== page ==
Repairing A Data Cable

Discussion in 'General Electronics Chat' started by RdAdr, Jun 5, 2016.

  1. RdAdr

    Thread Starter Member

    May 19, 2013
    214
    1
    How would you go about repairing a data cable that does not work anymore?
    It has two end connectors and it is not cut in half or anything.

    I would first cut the ends and see if the pins of the connectors and the wires inside the cable are making connection. If the connections are good, then the fault must come from the cable itself.
    Thus I would cut the cable in two and check for continuity. Thus, one half of the cable should be broken, while the other half hopefully good. Then cut the bad half again in two and check again for continuity.

    And I do this until I find the location of the fault. Or maybe if I am satisfied with a shorter cable, I would just use the good half, maybe the good half plus the other good half and stop the cutting.

    Is there a better method?
     
  2. ericgibbs

    AAC Fanatic!

    Jan 29, 2010
    2,501
    380
    hi,
    Cables usually fail close to the connectors.
    Remove the cable connector clamp, unscrew the connector cover.
    Inspect the solder pins for any broken connections.
    LIGHTLY pull on each wire in turn, if the wire is broken close to the connector, the pulled wire will come out.
    Repeat for both ends.
    Which type of cable is it.?
    Good Luck.
    E
     
    cmartinez likes this.
  3. tom_s

    Member

    Jun 27, 2014
    285
    333
    post 2 is great for broken connections

    the cable you should be able to check for continuity with a multimeter

    my question - is it worth spending the time to repair it?

    data patch cables - cat4/5/6/sata/esata/hdmi/ribbon etc are cheaper to buy new than to repair.

    from my experience, cables are not the issue, sockets are normally at fault, bent pins, dry/cold joints/oxidised contacts
     
  4. #12

    Expert

    Nov 30, 2010
    16,261
    6,768
    There are ways to inject an oscillating signal and search for where it stops radiating. Problem: Data cable isn't rated for 120 VAC so the cheap electricians pen style detector is a risky method. You have already defined the, "half interval search", but the ends are almost always the culprit. I have seen exactly one cable that was broken in the middle in 40 years of doing this kind of repairs.
     
  5. dl324

    Distinguished Member

    Mar 30, 2015
    3,242
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    A Time Domain Reflectometer could indicate where the fault is, but you need to know the velocity of propagation for the cable.
     
  6. RdAdr

    Thread Starter Member

    May 19, 2013
    214
    1
    Some cable used in automotive engineering when testing ECUs through HIL simulation. I do not know its particular name. I don't think it has one. One end is a D-Sub connector, while the other end is a Lemo connector.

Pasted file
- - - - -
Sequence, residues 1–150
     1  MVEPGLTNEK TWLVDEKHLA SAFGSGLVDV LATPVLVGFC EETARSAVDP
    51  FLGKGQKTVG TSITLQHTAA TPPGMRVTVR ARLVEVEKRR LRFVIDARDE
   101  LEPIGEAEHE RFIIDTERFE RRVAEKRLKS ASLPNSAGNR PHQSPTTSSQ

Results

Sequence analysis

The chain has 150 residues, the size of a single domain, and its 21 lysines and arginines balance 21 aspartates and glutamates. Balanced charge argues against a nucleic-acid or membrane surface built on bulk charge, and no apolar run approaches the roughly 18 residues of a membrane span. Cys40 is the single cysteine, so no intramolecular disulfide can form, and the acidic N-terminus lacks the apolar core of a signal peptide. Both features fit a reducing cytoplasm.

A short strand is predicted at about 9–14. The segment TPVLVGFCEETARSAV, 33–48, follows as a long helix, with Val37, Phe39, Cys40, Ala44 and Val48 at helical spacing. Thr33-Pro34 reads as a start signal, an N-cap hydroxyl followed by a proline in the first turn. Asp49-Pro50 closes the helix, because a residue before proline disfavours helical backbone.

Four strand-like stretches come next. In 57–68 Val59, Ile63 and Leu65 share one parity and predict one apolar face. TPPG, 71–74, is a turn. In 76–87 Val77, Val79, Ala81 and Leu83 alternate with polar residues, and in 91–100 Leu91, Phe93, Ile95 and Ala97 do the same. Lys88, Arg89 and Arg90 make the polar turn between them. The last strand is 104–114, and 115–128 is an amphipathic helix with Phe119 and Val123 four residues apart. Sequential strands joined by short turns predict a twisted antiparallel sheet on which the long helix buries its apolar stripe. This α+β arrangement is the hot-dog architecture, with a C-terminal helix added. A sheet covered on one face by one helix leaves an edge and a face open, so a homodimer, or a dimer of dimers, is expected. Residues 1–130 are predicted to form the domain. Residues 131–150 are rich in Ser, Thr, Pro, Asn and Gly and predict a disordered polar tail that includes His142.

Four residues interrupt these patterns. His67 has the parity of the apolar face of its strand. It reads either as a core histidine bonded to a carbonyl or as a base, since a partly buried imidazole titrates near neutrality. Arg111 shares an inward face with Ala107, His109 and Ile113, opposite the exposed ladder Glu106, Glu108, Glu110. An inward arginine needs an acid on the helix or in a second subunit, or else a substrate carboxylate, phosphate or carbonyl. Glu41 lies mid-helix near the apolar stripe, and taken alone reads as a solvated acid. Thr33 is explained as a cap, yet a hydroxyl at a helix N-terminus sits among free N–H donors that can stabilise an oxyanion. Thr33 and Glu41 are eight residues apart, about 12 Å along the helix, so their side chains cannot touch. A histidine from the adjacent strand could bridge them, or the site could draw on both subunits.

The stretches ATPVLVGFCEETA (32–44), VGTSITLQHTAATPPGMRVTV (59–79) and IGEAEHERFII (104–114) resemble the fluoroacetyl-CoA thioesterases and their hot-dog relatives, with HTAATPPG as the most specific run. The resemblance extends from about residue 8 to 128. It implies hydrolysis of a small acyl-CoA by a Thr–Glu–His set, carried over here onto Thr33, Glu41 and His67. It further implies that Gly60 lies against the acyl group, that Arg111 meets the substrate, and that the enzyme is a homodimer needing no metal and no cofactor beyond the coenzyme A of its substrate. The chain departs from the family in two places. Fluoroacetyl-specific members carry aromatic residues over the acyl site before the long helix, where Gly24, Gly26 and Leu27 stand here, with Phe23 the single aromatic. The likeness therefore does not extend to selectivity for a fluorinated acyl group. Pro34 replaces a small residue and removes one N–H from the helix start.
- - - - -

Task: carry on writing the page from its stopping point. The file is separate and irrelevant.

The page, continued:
Good method. i did not think about pulling out the wires.
     
    Last edited: Jun 5, 2016
  7. RdAdr

    Thread Starter Member

    May 19, 2013
    214
    1
    So to look first at the connectors. Thanks.
    It is worth spending time, why not. It is a good cable.
     
  8. RdAdr

    Thread Starter Member

    May 19, 2013
    214
    1
    Thanks for answers. So the connectors might be the problem with high probability.

    Now the question is. Which connector from the two connectors to cut first and verify?

    Maybe just try my luck.
     
  9. dl324

    Distinguished Member

    Mar 30, 2015
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    A TDR will eliminate the guesswork.
     
  10. RdAdr

    Thread Starter Member

    May 19, 2013
    214
    1
    I don't have a TDR.
     
  11. dl324

    Distinguished Member

    Mar 30, 2015
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    Do you have an oscilloscope?
     
  12. #12

    Expert

    Nov 30, 2010
    16,261
    6,768
    I'm surprised you can buy one for less than $200, but you can.
    http://www.testequipmentdepot.com/megger/tdr/cfl510f.htm

    My advice is to quit agonizing and look inside an end connector.
    Even if the problem is at the other end, looking twice still costs less than $200.
     
  13. dl324

    Distinguished Member

    Mar 30, 2015
    3,242
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    If you have a scope, you can make one with a suitable hex inverter, a handful of R's, C's, and misc hardware.

    If the connectors aren't meant to be opened, knowing which one was bad would be an advantage.

    I wish I had one 35 years ago when I had some contractors install multiple 400' runs of cable from a computer room to offices. The gorillas pulled for all they were worth and damaged a number of the ends. Fortunately, the connectors could be disassembled. But it was a hassle having to do both ends on multiple 7 conductor, 25 pair, and 40 pair cables.
     
  14. #12

    Expert

    Nov 30, 2010
    16,261
    6,768
    Since we're still beating this horse, I would mention that you can find the propagation speed by measuring one of the good wires.
     
  15. RdAdr

    Thread Starter Member

    May 19, 2013
    214
    1
    I saw that the connectors were meant to be open. I opened them and one was bad. The pins of the connector weren't making contact with the wires inside the cable no more. But I fixed it.
     
    RichardO likes this.
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